Where can we see your films? 

Here is the link for my first film, all done as a hobby and we have a laugh so don’t expect a performance worthy of an Oscar https://youtu.be/zXOPWHs9Gz4

Are you working on anything at the moment?

I’m not currently working on anything at the moment, but I know there will be another phone call when they have a script ready for action! Who knows…one day an Oscar may well be sitting on my sideboard (if not I’m sure you can buy one on eBay).

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NAKAMA After Hours: Charlie

CharlieArt1

Get to know what our Consultants are up to when they’re not busy recruiting!

Our first spotlight is on our very own artiste and Melbourne Sr Digital Consultant, Charlie Krowitz!

What type of art do you identify with the most? I identify most with painting (especially oil) but I appreciate all art forms and creative expressions, which would also include music, dance and theatre. 

At what age did you start painting? And what was your inspiration to do so? My uncle is a well known artist and jeweller in South Africa, so from a very young age I was exposed to and inspired by his creativity. Art class was my favourite extra curricular activity – I love/d the way it felt applying the medium to canvas.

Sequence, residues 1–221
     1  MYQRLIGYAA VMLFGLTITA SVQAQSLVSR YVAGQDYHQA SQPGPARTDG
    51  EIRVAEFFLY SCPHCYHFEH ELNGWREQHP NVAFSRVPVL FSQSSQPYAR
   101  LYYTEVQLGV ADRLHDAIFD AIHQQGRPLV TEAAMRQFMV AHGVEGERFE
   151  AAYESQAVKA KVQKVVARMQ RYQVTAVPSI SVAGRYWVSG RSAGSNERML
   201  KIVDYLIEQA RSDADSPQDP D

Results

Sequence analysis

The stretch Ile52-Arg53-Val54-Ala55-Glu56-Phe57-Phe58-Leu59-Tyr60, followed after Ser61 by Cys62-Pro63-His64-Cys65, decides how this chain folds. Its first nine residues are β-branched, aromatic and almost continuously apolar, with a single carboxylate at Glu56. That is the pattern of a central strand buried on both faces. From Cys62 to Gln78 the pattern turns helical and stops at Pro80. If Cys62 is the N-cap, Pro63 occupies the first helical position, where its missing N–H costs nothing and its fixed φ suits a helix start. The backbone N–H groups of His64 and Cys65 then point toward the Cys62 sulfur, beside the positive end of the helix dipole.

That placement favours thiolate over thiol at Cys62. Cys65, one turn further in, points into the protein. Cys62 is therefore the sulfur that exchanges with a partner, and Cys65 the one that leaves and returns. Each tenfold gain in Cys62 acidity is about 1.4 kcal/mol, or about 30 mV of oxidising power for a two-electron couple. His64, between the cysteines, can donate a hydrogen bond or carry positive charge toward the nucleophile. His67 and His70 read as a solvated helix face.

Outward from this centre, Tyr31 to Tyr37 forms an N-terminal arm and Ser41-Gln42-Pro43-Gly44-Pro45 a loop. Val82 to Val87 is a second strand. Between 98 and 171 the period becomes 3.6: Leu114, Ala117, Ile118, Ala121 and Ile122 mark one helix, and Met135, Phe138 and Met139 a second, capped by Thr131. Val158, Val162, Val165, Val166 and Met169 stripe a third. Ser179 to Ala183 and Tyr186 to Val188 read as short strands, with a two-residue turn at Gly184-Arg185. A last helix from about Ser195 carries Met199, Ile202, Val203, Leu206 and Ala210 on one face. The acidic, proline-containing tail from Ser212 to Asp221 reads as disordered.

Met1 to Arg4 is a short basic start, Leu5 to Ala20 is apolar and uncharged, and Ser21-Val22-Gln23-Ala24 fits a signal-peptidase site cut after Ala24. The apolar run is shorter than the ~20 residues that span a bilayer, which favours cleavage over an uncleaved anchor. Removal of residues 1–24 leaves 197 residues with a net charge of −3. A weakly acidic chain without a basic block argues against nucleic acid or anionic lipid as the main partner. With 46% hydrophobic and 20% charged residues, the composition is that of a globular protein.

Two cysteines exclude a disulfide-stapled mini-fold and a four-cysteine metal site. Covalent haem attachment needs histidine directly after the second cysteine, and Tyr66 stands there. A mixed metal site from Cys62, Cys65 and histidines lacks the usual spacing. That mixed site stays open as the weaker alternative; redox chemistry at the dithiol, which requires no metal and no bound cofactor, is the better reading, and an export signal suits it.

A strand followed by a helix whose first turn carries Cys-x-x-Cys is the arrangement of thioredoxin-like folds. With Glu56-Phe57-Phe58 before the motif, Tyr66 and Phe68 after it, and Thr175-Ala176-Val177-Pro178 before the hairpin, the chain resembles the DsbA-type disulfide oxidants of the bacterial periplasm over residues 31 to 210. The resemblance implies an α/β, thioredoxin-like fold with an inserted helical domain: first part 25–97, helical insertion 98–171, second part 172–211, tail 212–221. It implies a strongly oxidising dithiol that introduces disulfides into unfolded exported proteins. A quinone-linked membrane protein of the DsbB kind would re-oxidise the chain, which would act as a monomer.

Who is your favourite artist and why? It’s hard to narrow it down to just one. I am very fond of Paul Gauguin, William Kentridge, Andy Warhol and Tim Storrier.

Do you get inspiration from any particular artists or pieces? Absolutely! Each artist’s style and interpretation is unique and every art movement so different so its difficult to narrow it down to one artist or piece. I really enjoy looking at paintings that are hundreds of years old and wonder about what life would have been life back then. 

Recently you entered an Art competition?  Yes! I entered my recent painting into the Archibald Prize, first awarded in 1921, one of Australia’s most prestigious. Awarded to the best portrait painting, it’s a who’s who of Australian culture – from politicians to celebrities, sporting heroes to artists.